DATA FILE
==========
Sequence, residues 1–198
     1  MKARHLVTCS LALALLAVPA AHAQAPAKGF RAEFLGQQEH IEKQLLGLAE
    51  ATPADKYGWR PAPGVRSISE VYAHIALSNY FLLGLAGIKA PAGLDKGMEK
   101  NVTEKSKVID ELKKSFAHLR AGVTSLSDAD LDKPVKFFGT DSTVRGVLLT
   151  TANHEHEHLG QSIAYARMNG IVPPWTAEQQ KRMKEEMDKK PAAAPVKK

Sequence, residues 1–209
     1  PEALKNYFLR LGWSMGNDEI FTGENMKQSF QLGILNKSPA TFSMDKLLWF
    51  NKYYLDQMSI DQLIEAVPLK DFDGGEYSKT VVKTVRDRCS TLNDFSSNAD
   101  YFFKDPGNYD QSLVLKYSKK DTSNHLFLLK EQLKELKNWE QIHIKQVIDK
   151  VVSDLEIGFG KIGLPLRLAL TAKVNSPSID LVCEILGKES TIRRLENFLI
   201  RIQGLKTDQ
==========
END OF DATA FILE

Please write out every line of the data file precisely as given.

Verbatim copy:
Sequence, residues 1–198
     1  MKARHLVTCS LALALLAVPA AHAQAPAKGF RAEFLGQQEH IEKQLLGLAE
    51  ATPADKYGWR PAPGVRSISE VYAHIALSNY FLLGLAGIKA PAGLDKGMEK
   101  NVTEKSKVID ELKKSFAHLR AGVTSLSDAD LDKPVKFFGT DSTVRGVLLT
   151  TANHEHEHLG QSIAYARMNG IVPPWTAEQQ KRMKEEMDKK PAAAPVKK

Sequence, residues 1–209
     1  PEALKNYFLR LGWSMGNDEI FTGENMKQSF QLGILNKSPA TFSMDKLLWF
    51  NKYYLDQMSI DQLIEAVPLK DFDGGEYSKT VVKTVRDRCS TLNDFSSNAD
   101  YFFKDPGNYD QSLVLKYSKK DTSNHLFLLK EQLKELKNWE QIHIKQVIDK
   151  VVSDLEIGFG KIGLPLRLAL TAKVNSPSID LVCEILGKES TIRRLENFLI
   201  RIQGLKTDQ